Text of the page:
PA United meeting brings Port Angeles business groups together to talk common functions

By Paul Gottlieb
Peninsula Daily News

PORT ANGELES — Representatives of three city-based business groups met this week to discuss what they do well — and what they do in common — with the potential goal of merging some of those functions to stimulate economic development.

Informally calling themselves PA United, members of the Port Angeles Regional Chamber of Commerce, Port Angeles Business Association and Port Angeles Downtown Association met to describe how they serve their organizations and the community.

They gathered — for a second time, the first being Jan. 29 — for two hours Wednesday around a large, U-shaped table in a meeting room of the North Olympic Peninsula Skills Center.

The discussion was facilitated by One Group LLC’s Jim Haguewood.

Members of the downtown association and Chamber of Commerce said they both market the area as a destination.

Both organizations also sponsor events. The chamber holds the Dungeness Crab & Seafood Festival every fall and Concerts on the Pier in the summer.

The chamber, which also runs the visitor center, and the business association also sponsor regular speakers, with the business association playing more of a political-advocacy role.

The three groups may discuss possibly merging some activities at their next meeting at 3 p.m. Feb. 19 at the Vern Burton Community Center and will meet again at the same time March 5.

“Events is a function that we need,” Haguewood said after the meeting.

“Do we have to have two people doing it?

“That would be a legitimate question.”

He expanded on that theme in an interview Thursday.

“We will be looking at some goal areas, and obviously marketing and promotion is one,” he said.

“Strategic categories of activities or functions are going to be identified.

“We have to identify what are those areas and what we want to accomplish.”

Asked whether PA United would remain as a group and meet after March 19, Haguewood said he never assumed the group was going to be or is an organization.

“Now it’s a name for the discussion,” Haguewood said.

Participants Wednesday from the Regional Chamber of Commerce were William Shore Memorial Pool executive director and chamber board member Steve Burke, chamber Executive Director Russ Veenema and chamber president and KONP station manager-announcer Todd Ortloff.

From the downtown association were Northwest Fudge and Confection owner and association President Bob Lumens, Smugglers Landing owner and association Vice President Rick Mathis, and Executive Director Barb Frederick.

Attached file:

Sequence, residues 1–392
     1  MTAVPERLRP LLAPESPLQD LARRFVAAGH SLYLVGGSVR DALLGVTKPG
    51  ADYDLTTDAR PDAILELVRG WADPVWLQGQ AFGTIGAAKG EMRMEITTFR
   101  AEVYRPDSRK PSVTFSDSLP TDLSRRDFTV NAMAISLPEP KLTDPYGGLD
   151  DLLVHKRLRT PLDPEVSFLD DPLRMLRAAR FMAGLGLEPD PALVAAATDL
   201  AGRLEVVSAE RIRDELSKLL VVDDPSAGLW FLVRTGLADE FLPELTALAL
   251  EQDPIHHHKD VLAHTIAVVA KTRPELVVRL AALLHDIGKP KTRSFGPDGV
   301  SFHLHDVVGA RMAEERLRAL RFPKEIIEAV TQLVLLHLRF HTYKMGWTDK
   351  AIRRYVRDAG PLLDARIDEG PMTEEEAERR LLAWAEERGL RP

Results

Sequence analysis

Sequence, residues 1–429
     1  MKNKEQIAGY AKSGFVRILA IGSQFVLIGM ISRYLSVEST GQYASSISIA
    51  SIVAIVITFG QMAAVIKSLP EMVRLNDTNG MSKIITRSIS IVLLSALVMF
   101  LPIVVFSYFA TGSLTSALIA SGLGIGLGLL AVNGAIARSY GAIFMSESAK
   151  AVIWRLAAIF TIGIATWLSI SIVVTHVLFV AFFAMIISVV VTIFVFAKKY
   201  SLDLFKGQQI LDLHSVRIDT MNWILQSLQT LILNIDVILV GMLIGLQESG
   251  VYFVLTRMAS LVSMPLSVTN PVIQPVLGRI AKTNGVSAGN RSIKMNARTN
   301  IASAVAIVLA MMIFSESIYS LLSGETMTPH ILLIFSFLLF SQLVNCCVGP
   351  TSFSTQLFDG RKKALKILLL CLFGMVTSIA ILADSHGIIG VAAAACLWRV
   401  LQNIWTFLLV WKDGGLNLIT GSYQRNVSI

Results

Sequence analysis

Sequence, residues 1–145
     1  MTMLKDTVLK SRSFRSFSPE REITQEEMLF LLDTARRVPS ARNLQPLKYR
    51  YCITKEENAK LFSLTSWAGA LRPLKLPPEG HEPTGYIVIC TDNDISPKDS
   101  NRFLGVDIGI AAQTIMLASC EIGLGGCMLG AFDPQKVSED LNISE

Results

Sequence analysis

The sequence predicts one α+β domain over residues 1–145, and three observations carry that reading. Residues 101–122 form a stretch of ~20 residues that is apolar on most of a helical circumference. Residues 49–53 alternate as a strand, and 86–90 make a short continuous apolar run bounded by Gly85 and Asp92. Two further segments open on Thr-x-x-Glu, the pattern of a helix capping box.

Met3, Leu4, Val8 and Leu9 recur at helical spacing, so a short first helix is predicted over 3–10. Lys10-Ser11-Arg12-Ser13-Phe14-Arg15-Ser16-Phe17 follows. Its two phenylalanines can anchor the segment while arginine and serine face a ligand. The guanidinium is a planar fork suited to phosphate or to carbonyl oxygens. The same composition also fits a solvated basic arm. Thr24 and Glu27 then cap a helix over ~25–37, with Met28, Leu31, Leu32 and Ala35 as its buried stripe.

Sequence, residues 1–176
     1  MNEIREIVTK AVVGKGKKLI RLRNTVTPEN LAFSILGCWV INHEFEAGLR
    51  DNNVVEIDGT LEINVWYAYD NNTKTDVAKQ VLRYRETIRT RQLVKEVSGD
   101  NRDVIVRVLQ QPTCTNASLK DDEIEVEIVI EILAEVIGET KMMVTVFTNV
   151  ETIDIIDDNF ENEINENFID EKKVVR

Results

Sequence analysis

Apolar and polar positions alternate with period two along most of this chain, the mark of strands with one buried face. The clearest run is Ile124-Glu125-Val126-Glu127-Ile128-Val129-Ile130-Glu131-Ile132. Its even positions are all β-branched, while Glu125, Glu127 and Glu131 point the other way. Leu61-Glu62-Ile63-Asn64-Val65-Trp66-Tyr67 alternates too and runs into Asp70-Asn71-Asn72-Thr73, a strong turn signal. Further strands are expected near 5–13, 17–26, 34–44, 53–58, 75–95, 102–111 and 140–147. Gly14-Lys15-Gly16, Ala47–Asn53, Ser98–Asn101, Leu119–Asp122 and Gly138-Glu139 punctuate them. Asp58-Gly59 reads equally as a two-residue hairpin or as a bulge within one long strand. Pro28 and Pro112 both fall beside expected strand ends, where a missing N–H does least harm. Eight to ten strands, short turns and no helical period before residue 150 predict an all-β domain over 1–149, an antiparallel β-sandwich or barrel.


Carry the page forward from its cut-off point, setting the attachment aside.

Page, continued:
From PABA were retired Wall Street investment analyst and board member George Bergner; Tim Smith, organization vice president and former interim Clallam County Economic Development Council executive director; and BRP Enterprises owner Ed Bedford.

Also at the table was Larry Hueth, First Federal’s vice president and CEO, who is a member of The CEO Group, an informal, business-oriented discussion group in which Haguewood also participates.

In discussing a definition of economic development, Smith called it “kind of a circular process that continually renews itself,” pointing to the downtown association’s beautification program as an example.

Bedford pointed to business retention, while Haguewood referred to it as the process of creating or retaining wealth.

Participants also discussed challenges and opportunities, at times drifting into challenges when discussing opportunities.

Challenges they cited included the city’s distance from a metropolitan area, an aging workforce that is declining in numbers, the government permitting process for development projects, the loss of the region’s traditional economic base, the city’s aging housing stock and downtown buildings that are in disrepair.

Year-round occupancy also needs to increase in the city’s lodging establishments, Veenema said.

Opportunities include a “quality of life” that encompasses the arts community, outdoor recreational opportunities and proximity to the ocean, Frederick said.

Also, there is a high level of computer connectivity for a rural area, which paves the way for telecommuting, Ortloff said.

Other pluses include the city’s role as a gateway to Victoria and Olympic National Park, Haguewood said.

Peninsula College President Luke Robins, who was among those in the audience Wednesday, said in an interview Thursday that the meeting was an important first step for talking about creating efficiencies and opportunities to collaborate.

Robins is planning a summit of countywide economic development groups with the county Economic Development Council and Washington State University Extension.

The merging of organizations is “going to be a natural outcome of the conversation going on now [with PA United] and would probably go on at a bigger summit meeting,” Robins said.

“Whether mergers or consolidations actually take place, that’s another thing.”


Senior Staff Writer Paul Gottlieb can be reached at 360-452-2345, ext. 5060, or at

Last modified: February 06. 2014 7:07PM
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